Omicron variant of coronavirus is milder than Delta variant, more studies show

Omicron variant of coronavirus is milder than Delta variant, more studies show
A coronavirus. CDC: Dr. Fred Murphy & Sylvia Whitfield

“A new study of COVID-19 patients in California reinforces the evidence that the omicron variant, while highly contagious, is much less likely to cause serious symptoms than prior iterations of the coronavirus,” reports Reason Magazine. “Compared to people infected by the delta variant, the researchers found, people infected with omicron were half as likely to be hospitalized, one-quarter as likely to require intensive care, and less than one-tenth as likely to die. When omicron patients were admitted to a hospital, their average stay was 70 percent shorter.”

In the study, a Berkeley epidemiologist and others looked at the records of about 70,000 patients in Southern California who tested positive for the coronavirus in December. Three-quarters of all patients had the omicron strain in that period. Yet none of the 11 patients requiring ventilators had the omicron strain; all of these severely ill people had the delta strain. Only one omicron patient died, while 14 delta patients died. Berkeley epidemiologist Joseph Lewnard and his co-authors wrote that coronavirus “infections with presumed Omicron variant infection were associated with substantially reduced risk of severe clinical endpoints and shorter durations of hospital stay.”

As Reason notes,

Recent COVID-19 trends in the United States and other countries show that cases are exploding. But deaths have risen much less dramatically, making the current surge far less lethal than last winter’s. According to the New York Times COVID-19 database, the seven-day average of newly identified cases has more than sextupled in the last month, while the seven-day average of daily deaths has risen by 34 percent…[the California study’s] results suggest that omicron is inherently less dangerous than delta to any given patient, possibly because it is less apt to infect the lungs. Even among unvaccinated patients, those infected by omicron were 60 percent less likely than those infected by delta to be hospitalized with symptoms. The reduced risk from omicron also held up across age groups, and it was apparent regardless of whether patients had comorbidities or had previously been infected by COVID-19…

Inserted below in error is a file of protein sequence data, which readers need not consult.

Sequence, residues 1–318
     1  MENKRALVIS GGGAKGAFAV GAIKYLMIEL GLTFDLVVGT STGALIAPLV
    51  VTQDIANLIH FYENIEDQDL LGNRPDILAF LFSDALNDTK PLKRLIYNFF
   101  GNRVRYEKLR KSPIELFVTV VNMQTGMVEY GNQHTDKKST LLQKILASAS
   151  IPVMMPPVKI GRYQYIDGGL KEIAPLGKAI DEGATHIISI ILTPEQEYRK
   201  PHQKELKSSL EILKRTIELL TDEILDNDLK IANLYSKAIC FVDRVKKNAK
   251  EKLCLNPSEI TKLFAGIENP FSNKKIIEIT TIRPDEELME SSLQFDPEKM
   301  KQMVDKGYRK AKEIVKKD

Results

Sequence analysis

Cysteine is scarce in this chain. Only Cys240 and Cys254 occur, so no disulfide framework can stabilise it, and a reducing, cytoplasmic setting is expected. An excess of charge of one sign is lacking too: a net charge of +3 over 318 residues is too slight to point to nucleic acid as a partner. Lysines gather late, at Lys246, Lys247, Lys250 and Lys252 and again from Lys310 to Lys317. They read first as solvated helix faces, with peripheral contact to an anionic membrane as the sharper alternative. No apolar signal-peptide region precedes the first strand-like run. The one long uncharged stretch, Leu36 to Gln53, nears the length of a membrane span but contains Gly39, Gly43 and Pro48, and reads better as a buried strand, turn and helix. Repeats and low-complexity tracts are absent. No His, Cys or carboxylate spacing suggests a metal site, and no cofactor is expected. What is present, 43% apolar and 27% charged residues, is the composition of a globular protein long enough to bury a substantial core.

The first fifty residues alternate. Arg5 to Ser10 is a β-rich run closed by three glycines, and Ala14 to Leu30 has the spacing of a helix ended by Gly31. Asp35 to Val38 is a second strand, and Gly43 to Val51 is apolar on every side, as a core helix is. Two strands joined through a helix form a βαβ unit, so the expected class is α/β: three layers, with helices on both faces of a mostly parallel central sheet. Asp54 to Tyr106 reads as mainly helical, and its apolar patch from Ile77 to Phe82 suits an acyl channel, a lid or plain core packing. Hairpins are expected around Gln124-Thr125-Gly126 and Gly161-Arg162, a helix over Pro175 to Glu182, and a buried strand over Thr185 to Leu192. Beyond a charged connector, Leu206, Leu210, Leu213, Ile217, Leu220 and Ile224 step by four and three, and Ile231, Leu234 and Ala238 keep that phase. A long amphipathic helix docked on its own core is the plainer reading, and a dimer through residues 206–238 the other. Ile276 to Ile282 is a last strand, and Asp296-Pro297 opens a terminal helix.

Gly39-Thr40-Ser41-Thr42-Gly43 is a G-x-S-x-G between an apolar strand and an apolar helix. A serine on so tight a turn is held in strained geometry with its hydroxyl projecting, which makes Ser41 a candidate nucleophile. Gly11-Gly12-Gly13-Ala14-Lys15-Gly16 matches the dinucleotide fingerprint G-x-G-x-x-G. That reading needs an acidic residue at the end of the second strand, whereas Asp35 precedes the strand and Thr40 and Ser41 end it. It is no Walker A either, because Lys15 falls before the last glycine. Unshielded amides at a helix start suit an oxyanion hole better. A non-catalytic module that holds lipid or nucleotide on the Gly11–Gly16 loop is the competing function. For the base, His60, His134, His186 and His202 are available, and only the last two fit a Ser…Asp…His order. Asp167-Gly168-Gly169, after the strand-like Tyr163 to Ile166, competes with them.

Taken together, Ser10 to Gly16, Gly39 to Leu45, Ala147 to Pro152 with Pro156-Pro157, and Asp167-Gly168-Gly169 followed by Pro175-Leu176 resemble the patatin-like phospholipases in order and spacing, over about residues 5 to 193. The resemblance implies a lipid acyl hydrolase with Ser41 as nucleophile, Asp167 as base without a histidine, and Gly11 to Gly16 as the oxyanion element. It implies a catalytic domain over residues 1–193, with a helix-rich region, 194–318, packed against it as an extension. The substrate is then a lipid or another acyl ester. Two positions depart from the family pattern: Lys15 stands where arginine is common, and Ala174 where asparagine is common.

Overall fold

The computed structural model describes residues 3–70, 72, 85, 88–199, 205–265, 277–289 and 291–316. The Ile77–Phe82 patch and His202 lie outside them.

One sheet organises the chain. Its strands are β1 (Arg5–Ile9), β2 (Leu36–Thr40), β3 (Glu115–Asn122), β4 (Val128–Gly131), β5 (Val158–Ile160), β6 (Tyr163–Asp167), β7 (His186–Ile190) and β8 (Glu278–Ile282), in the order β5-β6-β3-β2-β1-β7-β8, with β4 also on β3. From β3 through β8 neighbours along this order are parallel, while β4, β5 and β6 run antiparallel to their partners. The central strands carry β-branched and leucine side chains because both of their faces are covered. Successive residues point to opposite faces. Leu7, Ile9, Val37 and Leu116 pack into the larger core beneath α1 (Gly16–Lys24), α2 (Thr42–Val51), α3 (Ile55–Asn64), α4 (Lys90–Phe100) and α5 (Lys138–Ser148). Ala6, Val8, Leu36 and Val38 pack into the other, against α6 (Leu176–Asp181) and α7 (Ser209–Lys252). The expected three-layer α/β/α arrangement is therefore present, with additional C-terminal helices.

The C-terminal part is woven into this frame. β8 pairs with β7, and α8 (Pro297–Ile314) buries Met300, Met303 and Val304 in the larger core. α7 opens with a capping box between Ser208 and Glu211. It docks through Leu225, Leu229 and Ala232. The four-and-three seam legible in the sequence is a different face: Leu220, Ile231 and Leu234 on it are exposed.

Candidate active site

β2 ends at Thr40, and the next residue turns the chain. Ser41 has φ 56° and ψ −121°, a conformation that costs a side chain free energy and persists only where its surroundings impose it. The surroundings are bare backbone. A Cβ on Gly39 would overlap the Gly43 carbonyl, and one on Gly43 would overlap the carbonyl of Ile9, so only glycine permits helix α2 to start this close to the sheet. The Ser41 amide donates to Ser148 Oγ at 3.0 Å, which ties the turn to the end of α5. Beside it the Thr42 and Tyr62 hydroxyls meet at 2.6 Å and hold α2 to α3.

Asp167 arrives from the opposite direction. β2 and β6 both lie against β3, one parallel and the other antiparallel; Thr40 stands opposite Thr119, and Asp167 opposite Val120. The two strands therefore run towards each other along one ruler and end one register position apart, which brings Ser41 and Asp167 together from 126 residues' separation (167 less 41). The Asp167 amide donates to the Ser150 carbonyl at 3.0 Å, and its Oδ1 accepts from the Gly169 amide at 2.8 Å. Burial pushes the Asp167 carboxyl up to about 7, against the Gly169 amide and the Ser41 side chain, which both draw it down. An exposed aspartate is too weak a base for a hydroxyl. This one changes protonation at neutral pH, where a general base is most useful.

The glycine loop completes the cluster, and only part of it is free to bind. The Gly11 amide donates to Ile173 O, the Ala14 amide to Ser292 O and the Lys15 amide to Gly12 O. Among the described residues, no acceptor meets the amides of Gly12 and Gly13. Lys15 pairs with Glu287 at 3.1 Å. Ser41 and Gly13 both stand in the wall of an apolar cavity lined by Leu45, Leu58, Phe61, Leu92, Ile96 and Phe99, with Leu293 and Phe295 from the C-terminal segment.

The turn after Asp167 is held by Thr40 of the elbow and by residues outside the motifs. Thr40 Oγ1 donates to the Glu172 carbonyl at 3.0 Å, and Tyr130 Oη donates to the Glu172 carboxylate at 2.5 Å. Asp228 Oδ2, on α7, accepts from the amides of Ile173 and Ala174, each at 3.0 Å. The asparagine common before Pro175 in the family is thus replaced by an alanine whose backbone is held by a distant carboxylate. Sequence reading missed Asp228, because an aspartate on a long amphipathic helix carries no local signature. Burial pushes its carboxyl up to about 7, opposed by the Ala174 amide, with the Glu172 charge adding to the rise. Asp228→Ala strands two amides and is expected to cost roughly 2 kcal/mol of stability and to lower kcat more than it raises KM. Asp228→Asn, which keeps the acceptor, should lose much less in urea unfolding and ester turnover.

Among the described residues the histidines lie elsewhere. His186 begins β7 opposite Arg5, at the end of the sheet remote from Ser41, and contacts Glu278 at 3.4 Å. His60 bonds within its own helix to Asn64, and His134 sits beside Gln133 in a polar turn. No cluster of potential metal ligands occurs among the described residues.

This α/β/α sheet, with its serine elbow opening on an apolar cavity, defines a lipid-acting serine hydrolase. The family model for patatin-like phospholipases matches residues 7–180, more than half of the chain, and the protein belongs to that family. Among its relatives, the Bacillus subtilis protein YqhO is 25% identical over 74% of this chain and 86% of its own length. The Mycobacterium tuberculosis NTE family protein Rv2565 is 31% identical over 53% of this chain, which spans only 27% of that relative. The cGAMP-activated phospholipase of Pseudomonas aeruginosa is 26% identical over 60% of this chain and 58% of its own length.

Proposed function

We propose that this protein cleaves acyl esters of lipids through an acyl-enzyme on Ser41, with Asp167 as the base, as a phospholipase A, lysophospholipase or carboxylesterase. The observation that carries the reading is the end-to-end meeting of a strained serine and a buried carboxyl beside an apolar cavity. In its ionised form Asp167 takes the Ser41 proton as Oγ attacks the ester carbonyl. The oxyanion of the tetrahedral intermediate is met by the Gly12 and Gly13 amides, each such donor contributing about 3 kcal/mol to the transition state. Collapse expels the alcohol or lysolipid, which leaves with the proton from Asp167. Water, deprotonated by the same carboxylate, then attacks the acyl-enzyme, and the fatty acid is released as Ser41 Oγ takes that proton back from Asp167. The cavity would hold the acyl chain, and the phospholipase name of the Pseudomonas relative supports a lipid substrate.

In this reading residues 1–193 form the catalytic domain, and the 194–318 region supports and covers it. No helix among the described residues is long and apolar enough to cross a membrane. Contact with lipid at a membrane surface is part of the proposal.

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Previous research also has found that omicron infection is associated with a reduced risk of severe symptoms. Between October 1 and December 6, according to a South African study, COVID-19 patients infected by omicron were 80 percent less likely to be hospitalized than patients infected by other variants. A Scottish study that looked at patients who tested positive for the coronavirus from November 1 to December 19 found that “Omicron is associated with a two-thirds reduction in the risk of COVID-19 hospitalisation when compared to Delta.” According to an English study of people tested from December 1 through December 14, omicron patients were 41 percent less likely than delta patients to stay in the hospital overnight. A Canadian study of cases identified between November 22 and December 25 found that omicron patients were 65 percent less likely to be hospitalized than delta patients…

Like other studies, Lewnard et al. say, “our findings suggest vaccine protection against infection with the Omicron variant may be lower than protection against infection with the Delta variant.” But also consistent with other data, this study indicates that vaccination provides strong protection against severe disease caused by either variant. Among cases identified in outpatient settings, for example, delta patients who had received three vaccine doses were 85 percent less likely to be hospitalized with symptoms than unvaccinated delta patients; the risk reduction for omicron patients was 62 percent. The authors say “evidence for a reduction in severe outcomes among vaccinated cases with both Delta and Omicron variant infections in our study…suggests substantial public health benefits from continued COVID-19 vaccination.”

LU Staff

LU Staff

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